another ra oddity...
cbullard at nortelnetworks.com
Fri Oct 8 07:51:27 EDT 1999
Thanks for all the mail, and its good to see that
you're getting something out of Argus, because you certainly
have put a lot in ;o)
One note, the US has announced relaxation of their
encryption export and import policies, so the "made in the
USA" may be not be a barrier after Nov 1.
Hope all is well,
> -----Original Message-----
> From: Russell Fulton [mailto:r.fulton at auckland.ac.nz]
> Sent: Thursday, October 07, 1999 4:51 PM
> To: Bullard, Carter [NYPAR:DS46-I:EXCH]
> Subject: Re: RE: RE: another ra oddity...
> Again, thanks for your comments. Figuring out the best ways of
> using tools like argus are certainly non trivial, sigh...
> I am pleased that I chose a file naming scheme that sort
> lexically into
> time order so I am doing a lot of
> "join(' -r ', sort grep(/\.gz$/, readdir(DIR))"
> I am, in general, not trying to verify firewall function. I refuse to
> dignify what we have with the name firewall -- doing so gives
> people a
> false sense of security. We currently use Drawbridge (from TAMU) and
> block incoming protocols with known problems ( X, r*, netbios,
> portmapper etc) for most of our users. Its main function is to
> inforce our charging policies and stop machines that we don't have
> charging info for from reaching the Internet. We also have the
> standard anti spoofing and anti smurf filters on our routers.
> We are looking at getting FW1 but it is a lot of money --
> between 2 and
> 4 times my annual salary -- including HW and AV software. (which
> probably says more about my salary than the cost of FW1). My gut
> feeling is that it would be much better spent on education for users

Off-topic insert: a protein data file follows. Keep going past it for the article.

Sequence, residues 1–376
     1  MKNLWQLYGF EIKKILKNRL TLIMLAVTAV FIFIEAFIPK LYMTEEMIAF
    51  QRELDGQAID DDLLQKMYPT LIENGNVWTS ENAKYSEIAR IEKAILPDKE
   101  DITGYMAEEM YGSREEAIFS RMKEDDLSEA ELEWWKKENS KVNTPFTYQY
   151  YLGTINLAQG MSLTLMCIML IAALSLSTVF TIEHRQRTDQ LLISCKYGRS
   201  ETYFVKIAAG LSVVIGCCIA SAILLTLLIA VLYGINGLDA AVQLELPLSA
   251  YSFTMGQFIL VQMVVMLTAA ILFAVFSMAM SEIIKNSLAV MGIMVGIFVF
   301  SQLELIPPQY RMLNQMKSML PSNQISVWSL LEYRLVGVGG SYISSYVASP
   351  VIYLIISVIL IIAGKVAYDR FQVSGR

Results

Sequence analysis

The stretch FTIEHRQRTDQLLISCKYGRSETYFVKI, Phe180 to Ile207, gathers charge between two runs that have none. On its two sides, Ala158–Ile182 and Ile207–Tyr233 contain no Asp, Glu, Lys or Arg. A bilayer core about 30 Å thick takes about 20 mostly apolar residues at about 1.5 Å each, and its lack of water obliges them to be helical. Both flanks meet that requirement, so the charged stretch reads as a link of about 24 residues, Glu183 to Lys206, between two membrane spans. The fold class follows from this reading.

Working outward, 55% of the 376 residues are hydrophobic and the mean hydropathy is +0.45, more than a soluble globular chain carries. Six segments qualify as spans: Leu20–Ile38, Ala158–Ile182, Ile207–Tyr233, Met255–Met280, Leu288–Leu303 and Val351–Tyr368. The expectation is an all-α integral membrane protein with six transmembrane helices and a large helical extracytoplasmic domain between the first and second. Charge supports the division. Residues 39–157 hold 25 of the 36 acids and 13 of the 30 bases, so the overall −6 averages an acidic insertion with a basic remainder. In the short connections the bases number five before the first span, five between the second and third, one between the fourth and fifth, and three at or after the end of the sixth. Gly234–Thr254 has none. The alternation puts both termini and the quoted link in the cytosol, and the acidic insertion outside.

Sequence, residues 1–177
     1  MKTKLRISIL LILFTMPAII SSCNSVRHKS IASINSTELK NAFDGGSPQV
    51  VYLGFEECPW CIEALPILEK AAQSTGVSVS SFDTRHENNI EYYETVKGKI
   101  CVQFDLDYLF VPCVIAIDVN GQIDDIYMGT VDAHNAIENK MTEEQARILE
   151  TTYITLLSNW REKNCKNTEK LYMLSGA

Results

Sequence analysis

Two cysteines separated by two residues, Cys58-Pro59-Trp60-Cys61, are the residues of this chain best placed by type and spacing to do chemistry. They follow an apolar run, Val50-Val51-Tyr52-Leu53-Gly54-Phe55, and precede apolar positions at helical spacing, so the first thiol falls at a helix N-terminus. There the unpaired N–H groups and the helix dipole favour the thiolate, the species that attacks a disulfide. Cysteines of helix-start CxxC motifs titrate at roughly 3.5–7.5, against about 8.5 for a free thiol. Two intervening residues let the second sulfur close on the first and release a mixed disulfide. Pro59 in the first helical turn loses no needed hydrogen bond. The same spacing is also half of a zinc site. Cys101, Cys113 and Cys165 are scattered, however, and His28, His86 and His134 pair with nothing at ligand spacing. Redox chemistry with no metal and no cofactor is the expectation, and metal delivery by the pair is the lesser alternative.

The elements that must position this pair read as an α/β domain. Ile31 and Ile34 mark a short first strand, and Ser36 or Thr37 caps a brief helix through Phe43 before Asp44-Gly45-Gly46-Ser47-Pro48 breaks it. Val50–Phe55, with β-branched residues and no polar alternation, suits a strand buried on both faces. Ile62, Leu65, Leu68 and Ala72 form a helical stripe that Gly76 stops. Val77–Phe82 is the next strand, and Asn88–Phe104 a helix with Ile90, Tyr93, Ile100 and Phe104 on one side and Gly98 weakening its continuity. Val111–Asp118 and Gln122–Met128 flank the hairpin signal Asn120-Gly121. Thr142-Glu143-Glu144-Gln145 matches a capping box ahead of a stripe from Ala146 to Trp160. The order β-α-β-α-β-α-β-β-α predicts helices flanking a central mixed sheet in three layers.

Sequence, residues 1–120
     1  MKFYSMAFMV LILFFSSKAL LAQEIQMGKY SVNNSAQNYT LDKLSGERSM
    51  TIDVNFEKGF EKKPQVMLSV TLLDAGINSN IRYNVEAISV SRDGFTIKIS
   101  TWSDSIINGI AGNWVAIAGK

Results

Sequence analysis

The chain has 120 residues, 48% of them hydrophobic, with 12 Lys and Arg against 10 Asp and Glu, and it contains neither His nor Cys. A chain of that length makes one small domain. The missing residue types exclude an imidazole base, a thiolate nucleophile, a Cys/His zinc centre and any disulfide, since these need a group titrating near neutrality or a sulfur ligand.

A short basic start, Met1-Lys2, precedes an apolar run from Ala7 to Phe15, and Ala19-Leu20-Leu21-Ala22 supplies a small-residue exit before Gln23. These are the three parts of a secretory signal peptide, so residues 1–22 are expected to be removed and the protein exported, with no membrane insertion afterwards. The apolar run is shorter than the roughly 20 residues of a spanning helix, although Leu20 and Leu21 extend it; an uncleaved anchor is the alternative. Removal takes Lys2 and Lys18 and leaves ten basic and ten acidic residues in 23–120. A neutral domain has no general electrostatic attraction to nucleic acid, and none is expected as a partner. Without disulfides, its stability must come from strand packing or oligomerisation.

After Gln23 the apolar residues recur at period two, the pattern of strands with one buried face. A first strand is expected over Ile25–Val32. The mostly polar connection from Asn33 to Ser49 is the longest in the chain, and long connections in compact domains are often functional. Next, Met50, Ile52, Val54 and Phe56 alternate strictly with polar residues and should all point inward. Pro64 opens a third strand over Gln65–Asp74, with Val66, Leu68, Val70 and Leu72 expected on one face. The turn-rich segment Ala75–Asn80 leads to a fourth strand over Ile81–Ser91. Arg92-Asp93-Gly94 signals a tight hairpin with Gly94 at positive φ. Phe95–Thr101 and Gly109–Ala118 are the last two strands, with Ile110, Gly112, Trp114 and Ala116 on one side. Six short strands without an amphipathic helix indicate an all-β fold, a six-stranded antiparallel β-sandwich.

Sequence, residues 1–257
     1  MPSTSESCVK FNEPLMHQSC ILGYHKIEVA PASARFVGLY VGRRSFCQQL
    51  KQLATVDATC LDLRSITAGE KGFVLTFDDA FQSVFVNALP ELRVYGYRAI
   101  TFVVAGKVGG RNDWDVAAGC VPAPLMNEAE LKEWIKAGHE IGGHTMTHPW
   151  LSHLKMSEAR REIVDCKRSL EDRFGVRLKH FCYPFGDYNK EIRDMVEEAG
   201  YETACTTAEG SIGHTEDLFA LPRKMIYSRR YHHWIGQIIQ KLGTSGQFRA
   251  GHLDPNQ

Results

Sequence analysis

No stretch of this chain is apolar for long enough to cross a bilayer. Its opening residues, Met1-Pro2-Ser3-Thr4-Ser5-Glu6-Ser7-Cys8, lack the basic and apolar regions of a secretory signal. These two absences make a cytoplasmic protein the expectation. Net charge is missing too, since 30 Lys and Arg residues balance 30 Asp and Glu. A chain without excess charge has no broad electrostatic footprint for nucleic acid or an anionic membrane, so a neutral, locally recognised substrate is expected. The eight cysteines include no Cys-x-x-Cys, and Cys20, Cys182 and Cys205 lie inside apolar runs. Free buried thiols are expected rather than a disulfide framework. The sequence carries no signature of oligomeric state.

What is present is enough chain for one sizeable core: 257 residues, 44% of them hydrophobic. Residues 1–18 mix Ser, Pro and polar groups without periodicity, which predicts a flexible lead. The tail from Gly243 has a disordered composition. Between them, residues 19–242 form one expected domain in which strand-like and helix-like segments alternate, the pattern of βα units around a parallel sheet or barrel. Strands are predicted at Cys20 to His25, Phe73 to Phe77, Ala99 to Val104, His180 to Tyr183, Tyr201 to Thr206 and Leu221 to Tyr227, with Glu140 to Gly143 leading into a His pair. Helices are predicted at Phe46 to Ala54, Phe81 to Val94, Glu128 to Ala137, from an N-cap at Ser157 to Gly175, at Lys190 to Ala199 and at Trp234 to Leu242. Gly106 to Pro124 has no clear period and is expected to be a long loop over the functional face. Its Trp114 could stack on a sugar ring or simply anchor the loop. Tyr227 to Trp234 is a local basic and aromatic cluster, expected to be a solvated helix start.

> and training for computer support people. We need that
> anyway whether
> or not we have a fancy firewall.
> I am using argus for two main purposes. Firstly to detect scans and
> other network mapping activity and also more subtle attacks against
> publicly visible servers; and secondly to analyse traffic after an
> incident. In some cases I have gone through 3 months logs looking at
> traffic to/from a compromised machine.
> One thing I am convinced of is that we should cut down the 100+ web
> servers (every department just *has* to have their own separate web
> server) and make sure that web servers only offer http(s)
> services (and
> possibly ftp) off campus. Such machines should not generate any
> traffic of their own -- i.e. no users. That would make detecting
> attacks against such machines much easier.
> I would also love to block telnet and ftp but until there is a secure
> replacement for the latter it is a lost cause. SANs is coordinating
> some work in this area but since it is being done in the US
> it will not
> help us.
> Cheers, Russell.
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